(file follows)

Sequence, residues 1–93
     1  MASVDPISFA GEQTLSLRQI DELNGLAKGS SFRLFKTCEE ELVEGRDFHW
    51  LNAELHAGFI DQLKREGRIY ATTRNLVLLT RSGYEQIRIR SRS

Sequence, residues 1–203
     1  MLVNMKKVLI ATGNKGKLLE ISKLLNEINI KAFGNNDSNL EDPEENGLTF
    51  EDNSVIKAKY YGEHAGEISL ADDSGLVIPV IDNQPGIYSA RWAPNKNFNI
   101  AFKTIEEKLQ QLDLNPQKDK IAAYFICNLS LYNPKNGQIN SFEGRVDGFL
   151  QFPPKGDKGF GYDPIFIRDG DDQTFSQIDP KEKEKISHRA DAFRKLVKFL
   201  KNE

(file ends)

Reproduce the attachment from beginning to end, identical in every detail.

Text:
Sequence, residues 1–93
     1  MASVDPISFA GEQTLSLRQI DELNGLAKGS SFRLFKTCEE ELVEGRDFHW
    51  LNAELHAGFI DQLKREGRIY ATTRNLVLLT RSGYEQIRIR SRS

Sequence, residues 1–203
     1  MLVNMKKVLI ATGNKGKLLE ISKLLNEINI KAFGNNDSNL EDPEENGLTF
    51  EDNSVIKAKY YGEHAGEISL ADDSGLVIPV IDNQPGIYSA RWAPNKNFNI
   101  AFKTIEEKLQ QLDLNPQKDK IAAYFICNLS LYNPKNGQIN SFEGRVDGFL
   151  QFPPKGDKGF GYDPIFIRDG DDQTFSQIDP KEKEKISHRA DAFRKLVKFL
   201  KNE